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DBS Checks For The Self-Employed – How To Get The Check You Need

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If you’re your own boss, then you will need to know about DBS checks for the self-employed – but it can be difficult to confirm which level of DBS check is most suitable for you or what you need to do to get one. In this blog we will outline the various steps you can take to ensure you are applying for the most suitable level of check.

DBS checks for the self-employed: Which check are you eligible for?

If you’re looking to apply for a DBS check as an individual, the only type you can request is a basic check.

Self-employed people are unable to make the recruitment and suitability decision on themselves and are therefore unable to obtain their own Standard or Enhanced DBS Check.

A basic check is the lowest form of criminal record check available, but will detail any unspent convictions an applicant may have.

What is an unspent conviction? An unspent conviction refers to a conviction which has not be classed as ‘spent’ under the appropriate legislation. This means that any employer has the right to ask about these convictions. It is only when they are classed as ‘spent’ that disclosure of these convictions is restricted to certain roles.

A basic check will be issued either by the Disclosure and Barring Service if you’re living and working in England and Wales, or Disclosure Scotland if you are living and working in Scotland.

A self-employed person who is eligible for a Standard or Enhanced DBS check can ask the organisation that wishes to contract their services to apply for their check.

This is likely to be the case if they are engaging in regulated activity:

DBS checks for the self-employed: Checks when you’re engaging in regulated activity

If you’re self-employed but are going to be working in an eligible role, or engaging in regulated activity, then you will be typically eligible for a higher level of DBS check.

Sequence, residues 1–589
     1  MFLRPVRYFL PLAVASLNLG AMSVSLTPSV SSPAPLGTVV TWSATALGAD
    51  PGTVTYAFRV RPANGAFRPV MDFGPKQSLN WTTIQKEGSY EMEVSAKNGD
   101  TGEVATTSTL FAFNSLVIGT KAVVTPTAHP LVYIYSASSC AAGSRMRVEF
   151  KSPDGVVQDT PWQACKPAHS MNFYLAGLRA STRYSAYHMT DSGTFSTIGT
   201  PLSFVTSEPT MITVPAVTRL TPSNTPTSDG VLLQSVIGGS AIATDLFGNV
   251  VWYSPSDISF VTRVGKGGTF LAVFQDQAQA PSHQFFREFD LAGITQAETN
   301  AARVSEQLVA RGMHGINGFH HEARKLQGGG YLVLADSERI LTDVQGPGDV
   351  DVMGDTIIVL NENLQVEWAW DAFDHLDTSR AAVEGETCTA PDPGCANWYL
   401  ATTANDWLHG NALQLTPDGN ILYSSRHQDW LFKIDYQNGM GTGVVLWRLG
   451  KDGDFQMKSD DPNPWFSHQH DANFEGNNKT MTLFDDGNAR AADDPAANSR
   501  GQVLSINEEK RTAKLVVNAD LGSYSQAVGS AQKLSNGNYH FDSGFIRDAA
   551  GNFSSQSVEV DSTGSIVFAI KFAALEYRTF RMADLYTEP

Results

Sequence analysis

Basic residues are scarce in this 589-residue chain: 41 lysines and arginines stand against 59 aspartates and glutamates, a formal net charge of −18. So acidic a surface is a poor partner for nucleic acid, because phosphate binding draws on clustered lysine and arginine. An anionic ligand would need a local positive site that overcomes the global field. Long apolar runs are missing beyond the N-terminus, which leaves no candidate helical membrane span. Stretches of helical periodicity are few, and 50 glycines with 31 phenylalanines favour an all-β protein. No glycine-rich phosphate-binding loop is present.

So, how can you obtain this?

Only companies and organisations can request these higher levels of DBS check, meaning you cannot request them as an individual. If your role requires you to engage in regulated activity, such as offering healthcare, but you do not work for a specific company, then any appropriate regulatory body may be able to apply for the appropriate DBS check on your behalf.

The self-employed or a sole trader can ask the organisation they are applying for a job through to obtain the disclosure on their behalf. For example, a tradesman who’s going to work in a specific school can ask that school to do the check for on his behalf.

In some instances, a DBS certificate will form part of their decision as to whether to allow you to practice under their licence.

Alternatively, in some instances, if you are self-employed and eligible for a higher level of DBS check, your local council may be able to help you apply.

DBS checks for the self-employed: A summary

DBS checks for the self-employed can be tricky to navigate, especially if you’re unsure which is the most suitable level of check that you need.

We hope this blog has pointed you in the right direction, but what are the key points to remember when it comes to requesting DBS checks for the self-employed?

  • Remember an individual can always request a basic check, they just need to confirm whether it should be processed by the DBS or Disclosure Scotland.
  • If a self-employed individual is unsure of which level of check is suitable for their role they can contact the DBS directly to confirm this.
  • If they are eligible for a higher level of check, they can contact any regulatory body they may have who regulates their practice, as they may be able to apply for the check on their behalf.

Be sure to get in touch with us if you have any further questions. You can apply for a number of DBS Checks through our simple online platform – most checks are completed within 48 hours. Get started now.

Our blogs are advisory in nature and reflect uCheck Limited’s current thinking about best and common practice in the subjects discussed.

The information contained in our blogs have been provided for information purposes only. This information does not constitute legal, professional, or commercial advice. Whilst every care has been taken to ensure that the content is up to date, useful and accurate, uCheck gives no guarantees, undertakings, or warranties in this regard, or, for any loss or damage caused arising directly or indirectly in connection with reliance on the use of such information.

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